Jump to ContentJump to Main Navigation
The Government of Scotland 1560-1625$
Users without a subscription are not able to see the full content.

Julian Goodare

Print publication date: 2004

Print ISBN-13: 9780199243549

Published to Oxford Scholarship Online: January 2010

DOI: 10.1093/acprof:oso/9780199243549.001.0001

Show Summary Details
Page of

PRINTED FROM OXFORD SCHOLARSHIP ONLINE (www.oxfordscholarship.com). (c) Copyright Oxford University Press, 2019. All Rights Reserved. An individual user may print out a PDF of a single chapter of a monograph in OSO for personal use. date: 05 December 2019

Government and People

Government and People

Chapter:
(p.246) CHAPTER ELEVEN Government and People
Source:
The Government of Scotland 1560-1625
Author(s):

Julian Goodare (Contributor Webpage)

Publisher:
Oxford University Press
DOI:10.1093/acprof:oso/9780199243549.003.0012

This chapter discusses the common people in Scotland, and particularly certain groups whose encounter with government proved memorable. A ‘new violence of the state’ emerged in certain policies of central government. It was clear, even commonplace, that the law was made by and for the landed ruling class. This gave them both responsibilities and privileges. Nobles, because they possessed honour, had to be treated with special respect by the law. Much of the most visible government activity affected only the men with ‘fame and honour’, the political elite. That elite has been estimated to comprise about 5,000 landlords, plus a further number of lawyers, officials, ministers, and greater burgesses. This chapter examines how government was experienced by the common people, the ones who lacked ‘fame and honour’, and how they were affected by laws. The focus is on the peasants in the countryside, women at all social levels, and some marginalised groups, particularly witches and gypsies, who were singled out for particular governmental attention.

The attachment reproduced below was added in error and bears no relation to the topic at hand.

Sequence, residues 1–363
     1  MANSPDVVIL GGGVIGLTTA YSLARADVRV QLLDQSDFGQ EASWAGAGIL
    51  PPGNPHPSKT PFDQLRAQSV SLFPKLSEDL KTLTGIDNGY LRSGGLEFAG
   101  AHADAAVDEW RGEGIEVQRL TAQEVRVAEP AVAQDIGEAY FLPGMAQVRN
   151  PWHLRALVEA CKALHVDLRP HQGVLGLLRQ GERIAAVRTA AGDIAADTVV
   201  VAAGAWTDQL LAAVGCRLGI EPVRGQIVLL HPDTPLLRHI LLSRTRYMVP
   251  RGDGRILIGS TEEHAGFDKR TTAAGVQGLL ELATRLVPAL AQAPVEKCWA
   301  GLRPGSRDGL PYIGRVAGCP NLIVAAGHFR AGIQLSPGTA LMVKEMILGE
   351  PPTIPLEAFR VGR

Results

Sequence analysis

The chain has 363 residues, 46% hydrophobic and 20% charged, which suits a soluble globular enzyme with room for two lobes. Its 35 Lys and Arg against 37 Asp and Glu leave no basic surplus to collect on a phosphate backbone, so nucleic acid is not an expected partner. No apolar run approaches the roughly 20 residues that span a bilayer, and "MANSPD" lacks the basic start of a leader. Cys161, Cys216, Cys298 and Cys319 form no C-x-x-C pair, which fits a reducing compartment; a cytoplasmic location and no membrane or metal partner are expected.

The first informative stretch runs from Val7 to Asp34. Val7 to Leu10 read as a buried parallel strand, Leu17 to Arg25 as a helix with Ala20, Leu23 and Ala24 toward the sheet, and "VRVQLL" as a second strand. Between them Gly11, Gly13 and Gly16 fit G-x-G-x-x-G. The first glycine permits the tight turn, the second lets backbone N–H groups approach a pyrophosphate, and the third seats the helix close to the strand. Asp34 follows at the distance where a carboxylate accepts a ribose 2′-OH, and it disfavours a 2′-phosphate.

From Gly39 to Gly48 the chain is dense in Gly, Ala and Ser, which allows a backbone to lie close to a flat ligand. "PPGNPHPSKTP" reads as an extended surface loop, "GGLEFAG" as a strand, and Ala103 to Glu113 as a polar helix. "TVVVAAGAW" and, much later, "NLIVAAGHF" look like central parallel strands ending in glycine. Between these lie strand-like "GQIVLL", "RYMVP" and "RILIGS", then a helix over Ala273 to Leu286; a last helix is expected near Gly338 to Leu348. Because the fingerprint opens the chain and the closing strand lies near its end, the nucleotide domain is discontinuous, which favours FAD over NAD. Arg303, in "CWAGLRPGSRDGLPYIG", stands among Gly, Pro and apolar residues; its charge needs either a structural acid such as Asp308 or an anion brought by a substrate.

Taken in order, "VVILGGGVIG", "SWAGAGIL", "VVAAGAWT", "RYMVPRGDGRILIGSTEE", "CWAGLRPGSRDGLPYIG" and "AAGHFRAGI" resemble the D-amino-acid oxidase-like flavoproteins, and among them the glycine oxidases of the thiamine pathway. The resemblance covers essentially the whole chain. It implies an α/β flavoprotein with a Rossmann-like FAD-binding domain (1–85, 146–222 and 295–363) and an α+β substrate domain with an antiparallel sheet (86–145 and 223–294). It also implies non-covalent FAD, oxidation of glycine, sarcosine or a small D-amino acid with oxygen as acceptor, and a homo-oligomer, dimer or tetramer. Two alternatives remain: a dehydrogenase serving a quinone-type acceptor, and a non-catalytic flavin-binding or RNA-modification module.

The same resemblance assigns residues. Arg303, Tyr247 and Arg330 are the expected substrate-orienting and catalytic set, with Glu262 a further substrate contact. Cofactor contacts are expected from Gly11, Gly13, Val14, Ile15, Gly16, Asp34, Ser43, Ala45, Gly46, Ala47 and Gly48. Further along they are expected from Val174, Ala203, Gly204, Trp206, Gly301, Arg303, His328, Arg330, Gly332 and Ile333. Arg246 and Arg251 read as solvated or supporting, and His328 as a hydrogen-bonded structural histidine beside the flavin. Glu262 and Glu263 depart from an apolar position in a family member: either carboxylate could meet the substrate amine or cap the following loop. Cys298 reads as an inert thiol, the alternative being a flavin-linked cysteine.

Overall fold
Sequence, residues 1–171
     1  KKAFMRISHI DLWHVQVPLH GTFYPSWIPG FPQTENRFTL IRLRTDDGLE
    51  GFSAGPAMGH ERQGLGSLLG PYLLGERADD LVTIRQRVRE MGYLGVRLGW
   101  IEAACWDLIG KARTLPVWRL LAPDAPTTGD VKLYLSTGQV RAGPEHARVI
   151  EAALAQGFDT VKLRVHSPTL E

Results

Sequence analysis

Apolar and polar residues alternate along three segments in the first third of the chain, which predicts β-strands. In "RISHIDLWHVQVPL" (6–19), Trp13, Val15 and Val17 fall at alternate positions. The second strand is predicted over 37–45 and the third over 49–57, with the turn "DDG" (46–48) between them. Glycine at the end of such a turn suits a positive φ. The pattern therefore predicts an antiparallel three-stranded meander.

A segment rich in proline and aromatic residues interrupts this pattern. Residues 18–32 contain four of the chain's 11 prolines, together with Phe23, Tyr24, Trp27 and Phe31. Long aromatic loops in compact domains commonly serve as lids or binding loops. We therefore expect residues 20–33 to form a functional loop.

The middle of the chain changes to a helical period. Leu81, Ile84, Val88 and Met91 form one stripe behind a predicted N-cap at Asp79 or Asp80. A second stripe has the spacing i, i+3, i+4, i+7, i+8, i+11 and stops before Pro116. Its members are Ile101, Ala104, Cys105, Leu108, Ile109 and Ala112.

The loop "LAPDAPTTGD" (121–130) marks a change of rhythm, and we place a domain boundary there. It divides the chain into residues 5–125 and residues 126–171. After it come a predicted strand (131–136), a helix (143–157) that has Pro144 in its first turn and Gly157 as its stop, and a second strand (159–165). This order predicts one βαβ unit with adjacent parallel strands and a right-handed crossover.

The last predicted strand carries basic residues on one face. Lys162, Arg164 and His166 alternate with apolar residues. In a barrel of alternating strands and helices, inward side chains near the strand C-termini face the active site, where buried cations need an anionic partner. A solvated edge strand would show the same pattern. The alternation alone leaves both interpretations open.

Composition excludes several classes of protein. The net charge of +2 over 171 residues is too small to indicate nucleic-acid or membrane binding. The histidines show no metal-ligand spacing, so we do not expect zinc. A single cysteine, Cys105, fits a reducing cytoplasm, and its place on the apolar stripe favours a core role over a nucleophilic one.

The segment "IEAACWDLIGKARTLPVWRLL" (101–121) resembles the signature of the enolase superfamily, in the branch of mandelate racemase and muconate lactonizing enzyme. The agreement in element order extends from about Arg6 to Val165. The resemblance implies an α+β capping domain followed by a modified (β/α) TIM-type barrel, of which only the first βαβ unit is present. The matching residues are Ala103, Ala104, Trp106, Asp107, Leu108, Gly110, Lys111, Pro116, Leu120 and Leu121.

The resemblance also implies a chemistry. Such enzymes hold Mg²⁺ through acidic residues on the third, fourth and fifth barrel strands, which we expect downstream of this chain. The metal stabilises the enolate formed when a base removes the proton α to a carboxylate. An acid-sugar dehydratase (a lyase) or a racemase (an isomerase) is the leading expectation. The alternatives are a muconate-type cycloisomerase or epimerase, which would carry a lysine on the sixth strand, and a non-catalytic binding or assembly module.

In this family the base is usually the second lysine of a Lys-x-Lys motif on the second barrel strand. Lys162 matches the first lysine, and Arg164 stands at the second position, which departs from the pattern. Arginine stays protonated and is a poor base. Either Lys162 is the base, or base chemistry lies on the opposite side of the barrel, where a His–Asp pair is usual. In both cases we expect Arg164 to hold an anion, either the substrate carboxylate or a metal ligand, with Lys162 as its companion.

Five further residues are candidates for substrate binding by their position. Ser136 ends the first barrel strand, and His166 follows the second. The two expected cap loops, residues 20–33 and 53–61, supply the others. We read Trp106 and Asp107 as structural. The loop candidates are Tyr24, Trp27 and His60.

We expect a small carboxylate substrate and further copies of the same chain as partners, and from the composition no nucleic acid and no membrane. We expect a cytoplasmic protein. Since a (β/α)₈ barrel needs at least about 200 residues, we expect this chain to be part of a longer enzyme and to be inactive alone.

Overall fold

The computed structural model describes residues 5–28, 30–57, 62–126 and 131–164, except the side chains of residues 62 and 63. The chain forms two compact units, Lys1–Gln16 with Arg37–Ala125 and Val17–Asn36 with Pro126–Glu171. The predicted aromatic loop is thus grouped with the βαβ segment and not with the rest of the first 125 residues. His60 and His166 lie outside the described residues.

Keywords:   common people, government, laws, peasants, women, witches, gypsies

Oxford Scholarship Online requires a subscription or purchase to access the full text of books within the service. Public users can however freely search the site and view the abstracts and keywords for each book and chapter.

Please, subscribe or login to access full text content.

If you think you should have access to this title, please contact your librarian.

To troubleshoot, please check our FAQs , and if you can't find the answer there, please contact us .